Joined 12/20/2012

If you're leaving scorch marks, you need a bigger gun.

14 Posts

It's hard for me to gripe about a "pay what you want" game package, but I kinda feel like Blendo is playing fast & loose with what constitutes a game here.

The premium title of the bundle (the one you have to beat the average donation to get) is Thirty Flights of Loving. Now, I went into this knowing it wasn't a game, so much as it was an "artfully told story." Mm-hm. Nope. Nope, it's just that between the story and the gameplay, the story *almost* exists and the gameplay does not at all. If you'd like a story-told-in-game-format, I'd like to recommend To The Moon, Portal 2, Final Fantasy 6, Myst... gee, it's almost like we had the story-told-as-game thing down for a couple decades before this was released, isn't it?

Next up, Air Forte. This is actually a kids' game. Seeing this lined up next to Flotilla, I thought I'd be in for an aerial combat romp. Nope, I'm in for practicing my basic multiplication and geography skills. Now, I'm not meaning to complain about kids games or edutainment, but there's a context here that's simply being ignored. When I was very young, I found a copy of "Tax Planner" sitting in the games caddy for the family's Atari 2600. I *thought* was in for a sim game. To my credit, I only "played" it for about fifteen minutes before I realized I was trying to beat a utility program. This time around, it only took me a minute and a half to figure out that characters asking me to find their "multiples of 2" was not some cutesy way of telling me their twin siblings had been kidnapped. So personal growth +1, videogame funtimes - 100.

Atom Zombie Smasher is a reasonably interesting idea. Now that I'm out of nice things to say I'll proceed with the review. In software development, we have a mantra: "What is the dumbest thing that could possibly X", where X is either "work", "be recognized as a feature", or something similar. It's basically how we decide where to draw milestones and how to divide work into manageable chunks. Atom Zombie Smasher feels like someone reached the Dumbest Thing that could Possibly Be a Zombie Game, then published it. It's playable. There's even a little bit of strategy involved. But it feels like this one got published long before it got polished. Most of your flash games on Kongregate (Rebuild comes to mind) will outpace this for depth, easily.

I'd love to review Flotilla for you. I really would. But I can't get the damn thing to run on my system. I've followed all of the three-year-old troubleshooting tips, uninstalled, reinstalled, did the usual Windows mamba. It simply does not run. Perhaps not surprising; there are no maintenance patches newer than 2010.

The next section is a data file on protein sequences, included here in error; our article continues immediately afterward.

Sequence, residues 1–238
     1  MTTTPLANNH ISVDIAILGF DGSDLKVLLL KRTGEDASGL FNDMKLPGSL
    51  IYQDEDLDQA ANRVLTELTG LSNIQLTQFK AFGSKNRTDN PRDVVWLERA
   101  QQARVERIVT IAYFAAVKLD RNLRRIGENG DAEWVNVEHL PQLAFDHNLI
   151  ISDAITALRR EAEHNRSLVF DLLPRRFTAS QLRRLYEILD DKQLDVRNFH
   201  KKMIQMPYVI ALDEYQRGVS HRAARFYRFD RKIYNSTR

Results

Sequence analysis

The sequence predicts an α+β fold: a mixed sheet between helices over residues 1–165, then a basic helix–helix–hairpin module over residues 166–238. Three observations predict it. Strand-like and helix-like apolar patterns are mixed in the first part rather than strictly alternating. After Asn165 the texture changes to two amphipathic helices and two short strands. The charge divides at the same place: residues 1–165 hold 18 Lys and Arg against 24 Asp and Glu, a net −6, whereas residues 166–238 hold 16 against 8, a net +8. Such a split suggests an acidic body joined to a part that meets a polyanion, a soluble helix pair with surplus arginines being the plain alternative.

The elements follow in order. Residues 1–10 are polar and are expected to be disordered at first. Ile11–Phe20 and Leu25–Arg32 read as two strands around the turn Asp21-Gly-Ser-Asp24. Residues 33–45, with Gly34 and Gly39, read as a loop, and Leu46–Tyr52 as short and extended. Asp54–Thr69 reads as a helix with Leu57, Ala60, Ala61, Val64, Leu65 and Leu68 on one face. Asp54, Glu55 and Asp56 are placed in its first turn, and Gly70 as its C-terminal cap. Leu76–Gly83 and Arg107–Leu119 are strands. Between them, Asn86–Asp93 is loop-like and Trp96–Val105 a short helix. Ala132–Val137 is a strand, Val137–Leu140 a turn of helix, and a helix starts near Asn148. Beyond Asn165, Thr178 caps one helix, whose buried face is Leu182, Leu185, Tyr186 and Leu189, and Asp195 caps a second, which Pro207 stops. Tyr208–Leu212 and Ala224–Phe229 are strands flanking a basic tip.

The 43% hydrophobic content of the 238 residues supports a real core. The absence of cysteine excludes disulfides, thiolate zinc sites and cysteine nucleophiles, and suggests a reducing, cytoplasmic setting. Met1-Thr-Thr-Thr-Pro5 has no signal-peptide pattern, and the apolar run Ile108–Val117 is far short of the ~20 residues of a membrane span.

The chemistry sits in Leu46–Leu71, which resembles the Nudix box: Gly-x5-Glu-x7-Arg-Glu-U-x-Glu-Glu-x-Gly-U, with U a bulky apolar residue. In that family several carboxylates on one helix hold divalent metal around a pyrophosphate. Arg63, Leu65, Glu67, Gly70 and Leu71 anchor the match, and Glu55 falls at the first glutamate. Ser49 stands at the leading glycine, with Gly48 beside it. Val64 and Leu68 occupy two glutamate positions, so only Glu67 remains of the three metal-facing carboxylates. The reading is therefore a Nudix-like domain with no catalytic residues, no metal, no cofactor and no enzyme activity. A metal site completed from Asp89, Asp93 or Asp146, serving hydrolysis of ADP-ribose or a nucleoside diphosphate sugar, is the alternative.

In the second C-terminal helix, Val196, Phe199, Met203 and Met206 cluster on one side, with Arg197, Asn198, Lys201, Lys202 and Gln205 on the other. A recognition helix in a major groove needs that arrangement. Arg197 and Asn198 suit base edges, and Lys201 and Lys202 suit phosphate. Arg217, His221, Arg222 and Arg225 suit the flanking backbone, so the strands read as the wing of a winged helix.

So, there you have it. One story that would fit on a pamphlet, one "game" for your eight-year-old nephew, one zombie game released before its prime, and one thing that purports to be a game but is actually a shrug and a fart noise. Honestly, I can't recommend the Humble Bundle purchase even at name-your-own prices. If you're really curious about one or two of these, go for it - it's not your dollar, but your gaming hour that I'm afraid will be wasted.
This is just a quick, nostalgic sendup of a fantastic adventure game of a bygone era: Loom. It's blowing my mind that this game is over 20 years old; when I got my hands on it for the first time it was already a classic.

Loom is not a particularly challenging game; this was right about when the industry was overcorrecting a bit for the mind-punishingly difficulty of the early adventure games. That's alright, though, even if the puzzles are not particularly stumping they're fun to play with and solve, and though the graphics and sound are definitely dated, they have aged well. Loom would probably be right at home next to some well-polished "retro" indie titles of today's gaming world.

One of the major game mechanics of loom centers around "weaving" spells via musical notes, and so the game holds music close to its heart. Perhaps wisely, then, the game's creators opted to use Tchaikovsky's Swan Lake as the soundtrack, and there are certainly some inspirations taken from the movements of that score.

I have a lot of fond memories of this game, and one of the sadnesses of the tech of that era was that upgrading systems often made your old software incompatible - and that was especially true for games. LucasArts as well as the game's fanbase wrote patches and workarounds to keep the game running on newer systems, with mixed success. Now, though, the game is available on Steam for both Mac and PC, and by all accounts it's a solid, stable build.